This article in our point-of-care ultrasound (PoCUS) series is dedicated to the role the focused assessment with sonography in trauma (FAST) exam plays for the regional anesthesiologist and pain specialists in the perioperative setting. The FAST exam is a well-established and extensively studied PoCUS exam in both surgical and emergency medicine literature with over 20 years demonstrating its benefit in identifying the presence of free fluid in the abdomen following trauma. However, only recently has the FAST exam been shown to be beneficial to the anesthesiologist in the perioperative setting as a means to identify the extravasation of free fluid into the abdomen from the hip joint following hip arthroscopy. In this article, we will describe how to obtain the basic FAST views (subcostal four-chamber view, perihepatic right upper quadrant view, perisplenic left upper quadrant view, and pelvic view in the longitudinal and short axis) as well as cover the relevant sonoanatomy. We will describe pathological findings seen with the FAST exam, primarily free fluid in the peritoneal space as well as in the pericardial sac. As is the case with any PoCUS skill, the application evolves with understanding and utilization by new clinical specialties. Although this article will provide clinical examples of where the FAST exam is beneficial to the regional anesthesiologist and pain specialist, it also serves as an introduction to this powerful PoCUS skill in order to encourage clinical practitioners to expand the application of the FAST exam within the scope of regional anesthesia and pain management practice.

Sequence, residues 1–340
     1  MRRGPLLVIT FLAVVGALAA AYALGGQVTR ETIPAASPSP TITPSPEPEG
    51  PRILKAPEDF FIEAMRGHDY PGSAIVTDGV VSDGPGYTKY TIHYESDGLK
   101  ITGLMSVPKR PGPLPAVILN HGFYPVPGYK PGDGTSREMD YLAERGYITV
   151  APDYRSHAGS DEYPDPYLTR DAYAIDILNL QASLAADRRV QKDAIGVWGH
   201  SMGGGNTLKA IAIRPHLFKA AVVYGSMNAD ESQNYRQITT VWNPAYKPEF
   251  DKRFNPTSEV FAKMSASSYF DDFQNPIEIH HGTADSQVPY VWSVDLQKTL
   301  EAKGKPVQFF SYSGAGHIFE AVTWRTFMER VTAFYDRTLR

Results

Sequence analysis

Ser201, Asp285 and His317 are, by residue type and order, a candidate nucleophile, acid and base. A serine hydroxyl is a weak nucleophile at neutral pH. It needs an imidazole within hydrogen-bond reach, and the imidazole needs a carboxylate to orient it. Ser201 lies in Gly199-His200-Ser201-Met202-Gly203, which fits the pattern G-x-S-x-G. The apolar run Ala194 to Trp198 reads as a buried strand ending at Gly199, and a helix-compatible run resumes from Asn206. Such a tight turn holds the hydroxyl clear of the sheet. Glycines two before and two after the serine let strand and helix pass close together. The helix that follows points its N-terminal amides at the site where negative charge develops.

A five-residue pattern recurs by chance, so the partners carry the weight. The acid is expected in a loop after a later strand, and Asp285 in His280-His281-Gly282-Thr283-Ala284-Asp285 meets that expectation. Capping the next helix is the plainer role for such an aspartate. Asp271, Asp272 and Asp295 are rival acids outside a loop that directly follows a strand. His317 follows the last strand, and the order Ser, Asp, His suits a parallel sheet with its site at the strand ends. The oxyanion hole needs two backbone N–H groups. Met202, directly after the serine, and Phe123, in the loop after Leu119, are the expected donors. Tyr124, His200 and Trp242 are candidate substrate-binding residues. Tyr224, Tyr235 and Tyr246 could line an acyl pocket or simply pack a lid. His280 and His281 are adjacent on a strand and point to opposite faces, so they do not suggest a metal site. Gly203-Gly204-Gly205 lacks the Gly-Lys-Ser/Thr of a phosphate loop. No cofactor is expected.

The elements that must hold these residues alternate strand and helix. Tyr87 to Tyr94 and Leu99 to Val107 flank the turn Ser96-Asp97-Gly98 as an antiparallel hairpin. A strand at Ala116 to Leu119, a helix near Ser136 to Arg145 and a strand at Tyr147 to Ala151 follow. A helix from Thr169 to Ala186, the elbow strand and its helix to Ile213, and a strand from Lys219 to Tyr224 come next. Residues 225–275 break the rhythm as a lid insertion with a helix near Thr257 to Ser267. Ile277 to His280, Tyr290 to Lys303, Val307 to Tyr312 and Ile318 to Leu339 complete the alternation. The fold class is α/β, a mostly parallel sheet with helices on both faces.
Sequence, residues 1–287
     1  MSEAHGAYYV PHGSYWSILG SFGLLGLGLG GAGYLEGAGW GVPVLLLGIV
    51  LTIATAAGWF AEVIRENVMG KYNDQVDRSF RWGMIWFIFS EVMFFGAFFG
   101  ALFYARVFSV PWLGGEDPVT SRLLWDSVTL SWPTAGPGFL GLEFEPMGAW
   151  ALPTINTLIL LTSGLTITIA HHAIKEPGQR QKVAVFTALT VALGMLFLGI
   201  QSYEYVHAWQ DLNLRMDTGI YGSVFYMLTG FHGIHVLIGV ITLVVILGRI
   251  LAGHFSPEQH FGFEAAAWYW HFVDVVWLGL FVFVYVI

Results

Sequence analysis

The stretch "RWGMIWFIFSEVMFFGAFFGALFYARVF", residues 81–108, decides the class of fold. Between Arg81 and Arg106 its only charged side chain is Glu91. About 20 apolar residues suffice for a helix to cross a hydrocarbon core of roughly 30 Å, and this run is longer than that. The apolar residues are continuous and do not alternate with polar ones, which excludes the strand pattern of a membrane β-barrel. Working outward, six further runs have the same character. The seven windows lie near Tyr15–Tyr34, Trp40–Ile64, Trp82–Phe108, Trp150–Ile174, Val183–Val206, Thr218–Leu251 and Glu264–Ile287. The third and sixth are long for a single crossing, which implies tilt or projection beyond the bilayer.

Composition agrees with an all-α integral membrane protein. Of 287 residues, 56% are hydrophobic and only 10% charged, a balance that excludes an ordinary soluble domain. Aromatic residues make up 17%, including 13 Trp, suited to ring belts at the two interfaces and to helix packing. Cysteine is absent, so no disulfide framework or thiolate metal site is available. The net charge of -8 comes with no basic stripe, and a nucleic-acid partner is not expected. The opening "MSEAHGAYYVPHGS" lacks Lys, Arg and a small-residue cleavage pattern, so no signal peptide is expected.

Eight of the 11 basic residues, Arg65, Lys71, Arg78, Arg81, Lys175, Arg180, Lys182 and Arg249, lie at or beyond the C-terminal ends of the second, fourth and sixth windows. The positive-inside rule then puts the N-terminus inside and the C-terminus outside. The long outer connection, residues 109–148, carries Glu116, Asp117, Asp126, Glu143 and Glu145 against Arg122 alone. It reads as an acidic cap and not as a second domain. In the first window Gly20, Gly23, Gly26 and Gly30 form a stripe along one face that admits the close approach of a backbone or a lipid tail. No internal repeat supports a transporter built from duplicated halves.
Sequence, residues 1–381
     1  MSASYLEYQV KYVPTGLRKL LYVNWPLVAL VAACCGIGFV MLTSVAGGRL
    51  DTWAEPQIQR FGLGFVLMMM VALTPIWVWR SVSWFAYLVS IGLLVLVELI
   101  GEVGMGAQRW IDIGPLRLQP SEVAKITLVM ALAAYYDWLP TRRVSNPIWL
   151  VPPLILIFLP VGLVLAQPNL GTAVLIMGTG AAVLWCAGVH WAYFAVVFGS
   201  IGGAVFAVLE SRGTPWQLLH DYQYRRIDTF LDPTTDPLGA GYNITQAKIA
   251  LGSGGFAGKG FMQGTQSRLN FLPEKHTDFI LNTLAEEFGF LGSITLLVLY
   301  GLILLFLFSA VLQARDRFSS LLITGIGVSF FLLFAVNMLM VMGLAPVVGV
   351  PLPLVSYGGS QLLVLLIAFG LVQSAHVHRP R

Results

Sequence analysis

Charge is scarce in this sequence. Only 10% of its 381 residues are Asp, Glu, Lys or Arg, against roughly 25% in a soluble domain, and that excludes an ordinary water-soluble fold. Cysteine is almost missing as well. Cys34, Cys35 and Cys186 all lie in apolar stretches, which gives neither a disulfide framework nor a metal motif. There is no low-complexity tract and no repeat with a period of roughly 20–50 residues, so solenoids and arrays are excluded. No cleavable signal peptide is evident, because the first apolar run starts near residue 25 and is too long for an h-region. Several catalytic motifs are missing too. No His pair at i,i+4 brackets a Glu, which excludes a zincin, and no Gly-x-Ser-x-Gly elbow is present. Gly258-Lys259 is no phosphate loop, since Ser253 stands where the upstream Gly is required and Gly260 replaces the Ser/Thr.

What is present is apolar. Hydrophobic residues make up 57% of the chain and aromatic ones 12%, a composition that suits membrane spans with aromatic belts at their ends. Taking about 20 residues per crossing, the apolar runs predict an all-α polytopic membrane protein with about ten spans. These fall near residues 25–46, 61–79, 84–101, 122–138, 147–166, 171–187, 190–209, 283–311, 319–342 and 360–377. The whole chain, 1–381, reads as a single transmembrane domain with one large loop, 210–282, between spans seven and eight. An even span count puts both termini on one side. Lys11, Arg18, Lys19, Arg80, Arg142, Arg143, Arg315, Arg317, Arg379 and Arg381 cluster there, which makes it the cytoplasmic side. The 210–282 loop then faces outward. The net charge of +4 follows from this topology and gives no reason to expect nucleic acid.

- point-of-care ultrasound
- FAST exam
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Contributors JB, SCH, and CLW developed the idea for the paper. WCM planned and designed the paper. WCM, MK, JB, and SCH all contributed to writing and editing this article.
Funding The authors have not declared a specific grant for this research from any funding agency in the public, commercial or not-for-profit sectors.
Competing interests None declared.
Patient consent for publication Not required.
Provenance and peer review Not commissioned; externally peer reviewed.
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